At Buckingham Park the intention is that children gain a firm understanding of what music is through listening, singing, playing, evaluating, analysing, and composing across a wide variety of historical periods, styles, traditions, and musical genres. Our objective at Buckingham Park is to develop a curiosity for the subject, as well as an understanding and acceptance of the validity and importance of all types of music, and an unbiased respect for the role that music may wish to be expressed in any person’s life. We are committed to ensuring children understand the value and importance of music in the wider community, and are able to use their musical skills, knowledge, and experiences to involve themselves in music, in a variety of different contexts.

Implementation: What do we teach?

Children learn music through the Charanga music scheme. The music curriculum ensures children sing, listen, play, perform and evaluate. This is embedded in the classroom activities as well as the weekly singing assemblies, various concerts and performances, and the learning of instruments. The elements of music are taught in the classroom lessons so that children are able to use some of the language of music to dissect it, and understand how it is made, played, appreciated and analysed. In the classroom children follow Charanga which enables children to understand musical concepts through a repetition-based approach to learning. Learning about the same musical concept through different musical activities enables a secure, deep learning and mastery of musical skills. The scheme allows a progressive approach which enables children to embed a deeper learning, knowledge, understanding and skills.

Whilst in school, children have access to a varied programme, which allows children to discover areas of strength, as well as areas they might like to improve upon. The integral nature of music and the learner creates an enormously rich palette from which a child may access fundamental abilities such as: achievement, self-confidence, interaction with and awareness of others, and self-reflection. Music will also develop an understanding of culture and history, both in relation to students individually, as well as ethnicities from across the world. Children are able to enjoy music, in as many ways as they choose- either as listener, creator or performer. They can dissect music and comprehend its parts. They can sing and feel a pulse. They have an understanding of how to further develop skills less known to them, should they ever develop an interest in their lives.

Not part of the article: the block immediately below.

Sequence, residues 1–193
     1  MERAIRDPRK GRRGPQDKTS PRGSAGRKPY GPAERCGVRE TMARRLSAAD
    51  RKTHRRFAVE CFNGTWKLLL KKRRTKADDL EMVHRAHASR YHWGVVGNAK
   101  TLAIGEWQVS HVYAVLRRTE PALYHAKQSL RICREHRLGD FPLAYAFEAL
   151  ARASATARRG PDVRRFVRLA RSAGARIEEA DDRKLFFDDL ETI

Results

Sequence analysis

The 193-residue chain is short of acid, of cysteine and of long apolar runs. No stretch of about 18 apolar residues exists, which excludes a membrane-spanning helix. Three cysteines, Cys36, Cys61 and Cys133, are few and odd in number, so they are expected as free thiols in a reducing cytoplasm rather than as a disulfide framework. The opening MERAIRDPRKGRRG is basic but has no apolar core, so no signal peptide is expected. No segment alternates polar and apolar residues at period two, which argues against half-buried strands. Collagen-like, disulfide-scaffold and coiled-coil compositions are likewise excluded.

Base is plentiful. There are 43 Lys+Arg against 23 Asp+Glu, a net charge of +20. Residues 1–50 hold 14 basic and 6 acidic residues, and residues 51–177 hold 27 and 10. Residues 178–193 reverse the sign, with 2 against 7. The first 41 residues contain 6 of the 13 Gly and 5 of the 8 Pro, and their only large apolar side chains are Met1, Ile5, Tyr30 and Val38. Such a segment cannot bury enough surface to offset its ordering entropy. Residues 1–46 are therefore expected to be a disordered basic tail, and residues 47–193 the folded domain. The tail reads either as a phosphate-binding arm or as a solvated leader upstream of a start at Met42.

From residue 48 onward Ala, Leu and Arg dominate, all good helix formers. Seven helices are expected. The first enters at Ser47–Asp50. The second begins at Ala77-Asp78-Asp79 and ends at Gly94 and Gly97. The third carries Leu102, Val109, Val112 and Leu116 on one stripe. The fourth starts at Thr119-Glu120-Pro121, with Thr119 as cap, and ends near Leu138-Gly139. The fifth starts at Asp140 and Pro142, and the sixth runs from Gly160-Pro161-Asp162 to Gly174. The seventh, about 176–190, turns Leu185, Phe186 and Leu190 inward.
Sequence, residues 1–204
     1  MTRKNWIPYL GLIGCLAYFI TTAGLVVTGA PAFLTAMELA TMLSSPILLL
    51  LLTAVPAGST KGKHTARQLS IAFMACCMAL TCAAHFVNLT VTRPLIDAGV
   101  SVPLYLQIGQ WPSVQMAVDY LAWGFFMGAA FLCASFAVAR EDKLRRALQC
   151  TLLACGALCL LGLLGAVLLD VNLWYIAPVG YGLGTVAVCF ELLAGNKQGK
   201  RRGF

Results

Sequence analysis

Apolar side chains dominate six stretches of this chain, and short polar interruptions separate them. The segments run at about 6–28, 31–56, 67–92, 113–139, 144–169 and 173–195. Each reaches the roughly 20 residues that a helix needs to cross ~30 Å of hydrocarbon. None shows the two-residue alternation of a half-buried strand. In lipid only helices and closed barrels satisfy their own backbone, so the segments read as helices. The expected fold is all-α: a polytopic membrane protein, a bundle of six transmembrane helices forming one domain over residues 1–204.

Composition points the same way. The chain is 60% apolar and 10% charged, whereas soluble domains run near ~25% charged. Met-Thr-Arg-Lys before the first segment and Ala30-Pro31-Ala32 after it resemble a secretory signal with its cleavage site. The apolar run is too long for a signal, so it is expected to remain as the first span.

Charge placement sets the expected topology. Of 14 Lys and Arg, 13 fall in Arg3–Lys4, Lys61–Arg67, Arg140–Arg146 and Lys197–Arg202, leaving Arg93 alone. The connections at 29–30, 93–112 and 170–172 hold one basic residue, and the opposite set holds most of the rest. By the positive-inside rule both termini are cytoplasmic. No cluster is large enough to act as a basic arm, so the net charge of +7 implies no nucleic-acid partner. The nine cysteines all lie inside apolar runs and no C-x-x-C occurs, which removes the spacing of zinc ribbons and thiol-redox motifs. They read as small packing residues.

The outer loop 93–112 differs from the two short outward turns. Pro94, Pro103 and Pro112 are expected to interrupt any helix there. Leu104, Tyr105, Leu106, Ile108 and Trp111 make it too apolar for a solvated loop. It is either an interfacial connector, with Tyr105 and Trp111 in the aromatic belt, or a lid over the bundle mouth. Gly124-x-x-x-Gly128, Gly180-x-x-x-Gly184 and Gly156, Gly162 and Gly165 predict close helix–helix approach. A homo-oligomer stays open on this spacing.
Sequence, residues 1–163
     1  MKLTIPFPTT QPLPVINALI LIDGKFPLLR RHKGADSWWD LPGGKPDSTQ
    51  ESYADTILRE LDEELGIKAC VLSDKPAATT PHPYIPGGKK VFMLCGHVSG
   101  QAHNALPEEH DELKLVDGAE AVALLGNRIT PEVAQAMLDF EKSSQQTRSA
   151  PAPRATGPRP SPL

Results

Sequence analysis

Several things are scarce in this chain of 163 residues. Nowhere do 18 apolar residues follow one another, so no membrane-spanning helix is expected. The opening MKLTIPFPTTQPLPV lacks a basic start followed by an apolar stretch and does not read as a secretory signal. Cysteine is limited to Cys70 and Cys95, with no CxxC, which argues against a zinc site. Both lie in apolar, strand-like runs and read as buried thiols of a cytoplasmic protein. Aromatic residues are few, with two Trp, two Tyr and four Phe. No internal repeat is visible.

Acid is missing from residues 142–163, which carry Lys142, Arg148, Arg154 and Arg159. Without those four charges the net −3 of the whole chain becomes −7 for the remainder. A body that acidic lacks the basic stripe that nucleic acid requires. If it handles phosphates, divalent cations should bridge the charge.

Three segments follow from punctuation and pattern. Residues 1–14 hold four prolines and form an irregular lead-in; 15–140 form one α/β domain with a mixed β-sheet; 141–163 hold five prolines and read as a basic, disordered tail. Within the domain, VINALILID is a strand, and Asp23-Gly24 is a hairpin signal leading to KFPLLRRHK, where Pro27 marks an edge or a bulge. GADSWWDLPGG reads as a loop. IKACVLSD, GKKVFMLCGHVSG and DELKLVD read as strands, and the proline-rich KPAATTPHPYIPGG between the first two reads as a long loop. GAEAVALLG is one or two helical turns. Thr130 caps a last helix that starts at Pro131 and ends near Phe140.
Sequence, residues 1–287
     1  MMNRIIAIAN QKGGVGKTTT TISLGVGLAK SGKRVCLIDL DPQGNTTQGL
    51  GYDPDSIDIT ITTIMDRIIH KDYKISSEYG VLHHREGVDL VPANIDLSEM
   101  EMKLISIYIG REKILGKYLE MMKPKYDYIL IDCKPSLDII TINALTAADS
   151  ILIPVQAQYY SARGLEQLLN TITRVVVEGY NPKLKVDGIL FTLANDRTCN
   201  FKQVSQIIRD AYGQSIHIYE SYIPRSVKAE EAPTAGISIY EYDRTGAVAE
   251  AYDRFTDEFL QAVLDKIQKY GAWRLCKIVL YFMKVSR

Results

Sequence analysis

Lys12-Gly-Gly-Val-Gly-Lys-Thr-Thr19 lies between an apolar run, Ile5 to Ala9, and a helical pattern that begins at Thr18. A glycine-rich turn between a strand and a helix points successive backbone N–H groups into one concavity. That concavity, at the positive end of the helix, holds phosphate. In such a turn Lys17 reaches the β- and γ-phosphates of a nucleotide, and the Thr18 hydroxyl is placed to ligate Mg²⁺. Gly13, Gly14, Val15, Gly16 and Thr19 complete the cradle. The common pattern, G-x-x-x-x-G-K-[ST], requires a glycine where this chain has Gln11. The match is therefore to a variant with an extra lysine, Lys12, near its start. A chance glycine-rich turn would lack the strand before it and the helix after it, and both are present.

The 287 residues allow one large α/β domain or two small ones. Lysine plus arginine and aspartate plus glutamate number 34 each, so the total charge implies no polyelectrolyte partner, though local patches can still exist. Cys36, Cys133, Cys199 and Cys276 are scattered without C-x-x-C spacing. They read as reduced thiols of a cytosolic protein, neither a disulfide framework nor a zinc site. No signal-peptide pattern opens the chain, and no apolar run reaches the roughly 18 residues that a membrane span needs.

At Buckingham Park Primary School, in addition to teaching the main six religions (Christianity, Islam, Hinduism, Buddhism, Sikhism and Judaism) we will also use religious festivals throughout the year for special days within school such as Harvest festivals, Christmas, Easter, Diwali, Rosh Hashanah and Ramadan.

Our RE curriculum helps our pupils develop their spiritual, moral, social, cultural and personal development and wellbeing. It supports them in finding out who they are and what they believe in, as well as that of others. Our teaching and behaviours are rooted in mutual respect and tolerance of those of different faiths and beliefs.


We follow the RE curriculum guidance given by West Sussex County Council and alongside this, plan using ‘Discovery RE’; an enquiring approach to the teaching and learning of Religious Education.

RE in the Early Years

RE is a compulsory part of the basic curriculum for all Reception age pupils. RE in the Early Years is taught using the following topic based approach throughout the year; Special People, Christmas, Easter, Story Time and Special places.